David Bordwell2

 

“The film is characteristic in its recycling of earlier material. The rural parent's visit to Tokyo is an Ozu motif that stretches back to Dreams of Youth. The parents' belief that their children are ‘better than average’ echoes that of the old Hirayamas in Early Summer (though here the phrase works more as solace than as accurate judgment). A gag invoving rude children and a lumpy bag is lifted from Early Summer’s bread-kicking scene. In recasting McCarey's Make Way for Tomorrow, which Ozu had not seen but Noda had, Tokyo Story continues Ozu’s 1930s habit of borrow from American cinema. (In addition, the boy Minoru whistles the theme from Stagecoach.) Brothers and Sisters of the Toda Family is another obvious source, evoked in the them of the good siblings and the plot device of shuttling the parents from househould to household. In its generally sombre tone, Tokyo Story is reminiscent of There Was a Father – another film in which Ryu plays an aging father.”

David Bordwell3

 

“The intention is clear, the technique acts as a bloodletting. The poor means neutralize the images and purge them of all meaning. Ozu: ‘It’s so easy to show emotion in a drama: the actors cry or laugh, and that provides the audience with feelings of sadness or happiness. I want people to feel what life is like without dramatic ups and downs.”

Ozu finds dramatization inauthentic. The cold pathos of his films is directed against Western conventions of representation, in which the hysterical, narcissistic individual sings his own praises and pushes himself to the fore.’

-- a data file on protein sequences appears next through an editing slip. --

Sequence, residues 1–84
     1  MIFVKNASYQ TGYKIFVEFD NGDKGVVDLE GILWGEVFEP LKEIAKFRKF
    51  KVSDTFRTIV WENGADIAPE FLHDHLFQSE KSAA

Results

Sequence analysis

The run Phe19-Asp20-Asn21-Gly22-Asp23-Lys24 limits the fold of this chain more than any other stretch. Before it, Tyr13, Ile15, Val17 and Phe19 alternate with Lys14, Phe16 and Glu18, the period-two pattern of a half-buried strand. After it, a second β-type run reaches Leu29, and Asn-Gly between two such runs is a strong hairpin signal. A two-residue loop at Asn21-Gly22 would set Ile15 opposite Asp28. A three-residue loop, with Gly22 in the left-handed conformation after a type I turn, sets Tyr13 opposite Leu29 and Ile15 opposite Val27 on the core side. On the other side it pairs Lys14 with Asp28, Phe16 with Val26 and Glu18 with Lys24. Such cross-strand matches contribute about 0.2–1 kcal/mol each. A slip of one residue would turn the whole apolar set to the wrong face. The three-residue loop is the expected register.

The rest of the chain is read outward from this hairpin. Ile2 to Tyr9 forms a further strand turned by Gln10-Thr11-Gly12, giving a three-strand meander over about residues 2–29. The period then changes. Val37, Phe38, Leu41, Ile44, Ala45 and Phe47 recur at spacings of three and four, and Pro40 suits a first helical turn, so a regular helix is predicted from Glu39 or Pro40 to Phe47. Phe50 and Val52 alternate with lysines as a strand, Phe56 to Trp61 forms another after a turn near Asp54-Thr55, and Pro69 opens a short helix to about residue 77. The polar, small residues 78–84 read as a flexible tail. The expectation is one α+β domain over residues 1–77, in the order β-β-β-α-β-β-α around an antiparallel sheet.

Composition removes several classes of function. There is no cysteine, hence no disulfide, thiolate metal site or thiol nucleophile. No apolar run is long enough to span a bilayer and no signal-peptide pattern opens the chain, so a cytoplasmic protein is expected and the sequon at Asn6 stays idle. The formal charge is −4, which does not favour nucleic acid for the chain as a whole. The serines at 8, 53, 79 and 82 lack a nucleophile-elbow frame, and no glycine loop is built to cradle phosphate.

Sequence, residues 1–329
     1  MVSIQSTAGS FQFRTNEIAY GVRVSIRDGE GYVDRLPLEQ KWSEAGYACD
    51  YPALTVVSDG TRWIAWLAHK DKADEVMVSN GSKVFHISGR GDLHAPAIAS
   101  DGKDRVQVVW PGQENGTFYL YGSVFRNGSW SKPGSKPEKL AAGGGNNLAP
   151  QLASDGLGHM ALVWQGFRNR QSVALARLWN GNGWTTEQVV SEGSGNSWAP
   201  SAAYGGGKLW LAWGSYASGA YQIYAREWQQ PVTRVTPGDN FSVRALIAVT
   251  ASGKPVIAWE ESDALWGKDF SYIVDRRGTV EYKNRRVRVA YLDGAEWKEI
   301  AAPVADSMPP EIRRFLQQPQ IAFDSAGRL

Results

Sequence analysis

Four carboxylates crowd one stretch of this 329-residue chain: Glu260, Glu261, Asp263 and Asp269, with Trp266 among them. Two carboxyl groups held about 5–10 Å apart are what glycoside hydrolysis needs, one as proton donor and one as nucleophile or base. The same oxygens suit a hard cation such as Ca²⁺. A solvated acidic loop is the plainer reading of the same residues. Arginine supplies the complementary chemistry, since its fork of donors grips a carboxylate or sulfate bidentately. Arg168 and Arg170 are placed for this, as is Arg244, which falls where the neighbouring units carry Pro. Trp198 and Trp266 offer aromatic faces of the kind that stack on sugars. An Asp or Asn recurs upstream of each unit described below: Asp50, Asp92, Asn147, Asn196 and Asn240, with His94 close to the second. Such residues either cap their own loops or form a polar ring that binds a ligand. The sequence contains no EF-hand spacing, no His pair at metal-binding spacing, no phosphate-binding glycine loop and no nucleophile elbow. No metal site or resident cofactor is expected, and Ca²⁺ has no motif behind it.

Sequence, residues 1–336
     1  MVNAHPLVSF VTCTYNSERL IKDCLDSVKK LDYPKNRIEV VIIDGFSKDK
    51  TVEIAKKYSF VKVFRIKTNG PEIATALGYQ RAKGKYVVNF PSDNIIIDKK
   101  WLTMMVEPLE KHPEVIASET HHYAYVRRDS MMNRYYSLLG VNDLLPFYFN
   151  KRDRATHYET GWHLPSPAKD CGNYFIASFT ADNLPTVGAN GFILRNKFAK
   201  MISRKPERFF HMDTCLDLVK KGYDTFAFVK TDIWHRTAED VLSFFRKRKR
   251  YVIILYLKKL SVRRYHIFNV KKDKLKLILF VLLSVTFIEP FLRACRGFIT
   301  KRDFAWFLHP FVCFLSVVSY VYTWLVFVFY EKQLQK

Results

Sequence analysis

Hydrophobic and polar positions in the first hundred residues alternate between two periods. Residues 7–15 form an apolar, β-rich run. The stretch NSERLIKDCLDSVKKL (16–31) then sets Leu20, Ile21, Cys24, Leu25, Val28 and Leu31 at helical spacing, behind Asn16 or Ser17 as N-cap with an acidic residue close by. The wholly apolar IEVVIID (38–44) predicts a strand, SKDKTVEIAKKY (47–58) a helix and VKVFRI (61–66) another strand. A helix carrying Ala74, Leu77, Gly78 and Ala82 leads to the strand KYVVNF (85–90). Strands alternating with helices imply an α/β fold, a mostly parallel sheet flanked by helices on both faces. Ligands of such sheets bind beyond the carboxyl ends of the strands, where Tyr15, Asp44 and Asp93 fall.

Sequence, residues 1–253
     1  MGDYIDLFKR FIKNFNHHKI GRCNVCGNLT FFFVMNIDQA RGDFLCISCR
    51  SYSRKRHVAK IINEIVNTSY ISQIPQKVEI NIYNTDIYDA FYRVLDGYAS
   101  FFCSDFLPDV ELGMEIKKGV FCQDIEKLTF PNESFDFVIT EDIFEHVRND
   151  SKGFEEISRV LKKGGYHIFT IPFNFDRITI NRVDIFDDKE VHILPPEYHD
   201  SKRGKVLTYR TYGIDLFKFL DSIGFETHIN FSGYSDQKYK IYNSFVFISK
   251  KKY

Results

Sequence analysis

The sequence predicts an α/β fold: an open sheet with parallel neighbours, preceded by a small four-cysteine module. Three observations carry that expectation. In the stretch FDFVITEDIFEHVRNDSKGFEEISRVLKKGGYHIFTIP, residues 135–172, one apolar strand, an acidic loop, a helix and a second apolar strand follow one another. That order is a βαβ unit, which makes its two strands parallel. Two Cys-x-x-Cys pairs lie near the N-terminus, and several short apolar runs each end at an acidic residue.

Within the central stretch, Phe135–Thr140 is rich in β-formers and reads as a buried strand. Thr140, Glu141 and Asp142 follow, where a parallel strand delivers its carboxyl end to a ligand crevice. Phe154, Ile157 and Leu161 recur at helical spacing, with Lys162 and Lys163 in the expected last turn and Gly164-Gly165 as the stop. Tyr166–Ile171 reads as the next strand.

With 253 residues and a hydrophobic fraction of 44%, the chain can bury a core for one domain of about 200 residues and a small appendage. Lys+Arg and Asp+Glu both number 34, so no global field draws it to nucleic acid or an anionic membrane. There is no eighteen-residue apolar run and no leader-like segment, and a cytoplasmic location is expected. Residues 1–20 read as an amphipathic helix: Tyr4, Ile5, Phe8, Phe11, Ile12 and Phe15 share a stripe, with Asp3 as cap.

Frieda Grafe4

 

“The first time that I wrote about Ozu was a long time ago, in 1957. And that is when I think we had the first season of Japanese films at our National Film Theater and where I saw the work of Mr. Ozu for the first time. That was his film Tokyo Story. I wrote a piece on the film in the British Film Institute magazine Sight & Sound. ... Alan Watts, the English writer, said when Professor Suzuki was once asked how it feels to have attained Satori, the zen experience of awakening, he answered ‘just like ordinary everyday experience except about two inches off the ground’. And I called the piece I wrote ‘Two Inches Off the Ground’ because that was the effect which Tokyo Story had on many people in this country and it is now regarded all over the world as a masterpiece. It’s 40 years since Mr. Ozu made Tokyo Story and it’s just over 30 years I think, since he died and he’s made more films in that time. When I saw his film first I did immediately understand it and enjoy it. I knew that Tokyo Story was made by somebody who really understood what life was about, the experience of life in a family, parents and children. Which are of course themes that affect us all. It’s often thought that films get out of date or seem old-fashioned. I don’t really think they do. Particularly not films that are made in the classic and absolutely straightforward spirit of Mr. Ozu. He had great understand and that understanding is still present in his films. It’s an understanding of the life that we all have to lead with an honesty that is constant and also a kind of irony that gives them the right kind of humor without ever being sarcastic. That’s why I think Ozu survives and his work survived as one of the great directors of the cinema.”

Lindsay Anderson5